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Labour to review tax reliefs applying to private rental sector

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Tue 28 Sep 2021

Labour to review tax reliefs applying to private rental sector

Labour to review tax reliefs applying to private rental sector

Shadow Chancellor Rachel Reeves has told the Labour Party conference that if her party wins the next General Election she will undertake a major review of all existing tax reliefs, scrapping those that are deemed not to benefit taxpayers and the wider economy. 

A slew of tax breaks for the private rental sector have been scrapped in recent years by successive Conservative governments, making buy to let a much more financially perilous exercise than in the past, despite the growing demand for lettings properties.

Reeves told the conference: ““There are hundreds of different tax breaks in the system.

“Some are important but too many simply provide loopholes for those who can afford the best advice. For businesses they create extra layers of complexity to navigate, and added together they cost more than our entire NHS budget.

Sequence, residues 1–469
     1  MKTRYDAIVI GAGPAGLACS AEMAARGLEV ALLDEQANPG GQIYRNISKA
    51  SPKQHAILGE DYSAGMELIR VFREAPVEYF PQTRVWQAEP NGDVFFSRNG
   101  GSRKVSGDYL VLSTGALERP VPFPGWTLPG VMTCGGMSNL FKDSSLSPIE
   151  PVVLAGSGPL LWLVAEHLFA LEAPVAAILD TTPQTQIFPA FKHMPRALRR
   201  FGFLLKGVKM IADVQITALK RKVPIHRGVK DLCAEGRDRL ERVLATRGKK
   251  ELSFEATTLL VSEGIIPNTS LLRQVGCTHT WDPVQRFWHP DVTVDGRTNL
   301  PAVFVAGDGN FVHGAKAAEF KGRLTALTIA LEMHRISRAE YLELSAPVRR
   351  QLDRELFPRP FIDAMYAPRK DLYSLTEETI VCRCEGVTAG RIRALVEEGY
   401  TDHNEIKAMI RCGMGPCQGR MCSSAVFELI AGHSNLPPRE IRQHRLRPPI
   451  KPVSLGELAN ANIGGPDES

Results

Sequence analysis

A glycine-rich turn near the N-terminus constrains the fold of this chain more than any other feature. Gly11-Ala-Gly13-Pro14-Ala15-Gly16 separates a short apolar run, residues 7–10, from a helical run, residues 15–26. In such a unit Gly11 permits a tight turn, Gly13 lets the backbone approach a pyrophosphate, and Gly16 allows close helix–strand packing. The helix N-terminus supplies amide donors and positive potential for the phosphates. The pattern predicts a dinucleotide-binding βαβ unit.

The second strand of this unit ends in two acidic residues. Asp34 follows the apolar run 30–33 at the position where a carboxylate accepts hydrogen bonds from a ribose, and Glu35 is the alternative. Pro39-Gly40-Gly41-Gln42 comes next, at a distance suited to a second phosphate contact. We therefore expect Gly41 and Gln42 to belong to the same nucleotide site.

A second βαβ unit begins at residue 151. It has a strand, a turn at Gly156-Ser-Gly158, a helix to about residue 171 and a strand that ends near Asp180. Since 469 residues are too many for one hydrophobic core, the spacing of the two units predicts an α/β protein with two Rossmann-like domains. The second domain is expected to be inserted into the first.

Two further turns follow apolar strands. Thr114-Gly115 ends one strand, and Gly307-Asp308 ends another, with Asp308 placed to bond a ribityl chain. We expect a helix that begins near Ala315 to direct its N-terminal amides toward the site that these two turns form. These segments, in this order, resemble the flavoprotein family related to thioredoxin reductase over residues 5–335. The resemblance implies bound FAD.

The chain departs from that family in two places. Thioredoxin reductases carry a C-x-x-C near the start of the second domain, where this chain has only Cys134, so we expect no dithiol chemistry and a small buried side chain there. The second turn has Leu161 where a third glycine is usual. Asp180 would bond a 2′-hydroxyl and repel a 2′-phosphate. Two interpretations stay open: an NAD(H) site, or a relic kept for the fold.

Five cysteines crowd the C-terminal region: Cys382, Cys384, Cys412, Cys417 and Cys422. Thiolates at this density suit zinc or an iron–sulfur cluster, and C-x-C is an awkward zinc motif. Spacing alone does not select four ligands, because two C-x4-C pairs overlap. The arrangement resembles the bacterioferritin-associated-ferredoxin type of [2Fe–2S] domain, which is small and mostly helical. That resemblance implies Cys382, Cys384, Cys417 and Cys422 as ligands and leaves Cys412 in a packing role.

“We will look at every single tax break. If it doesn’t deliver for the taxpayer or for the economy then we will scrap it.

“Labour will tax fairly, spend wisely, and get our economy firing on all cylinders.”

Sir Keir Starmer, Labour’s leader, will address the conference tomorrow with speculation that he will develop an argument he put forward two weeks ago to the Local Government Association conference, suggesting he will introduce higher property taxation if he wins power.

Starmer told the LGA that paying for social care primarily through National Insurance, as planned by the government, was unfair.

He said: “Working people will pay more tax now, but might still have to sell their home to pay even more later. This is an unfair plan that doesn't work. And who is left with the bill? It's working people. It's especially low earners and young people who have already borne the brunt of the economic impact of the pandemic.”

And he said the government left "a private landlord renting out multiple properties not paying a penny more in tax, and their hard-working tenants to pick up the burden".

He added: “The money [for social care] could have been raised by taxing the incomes of landlords, and those who buy and sell large quantities of financial assets, stocks shares".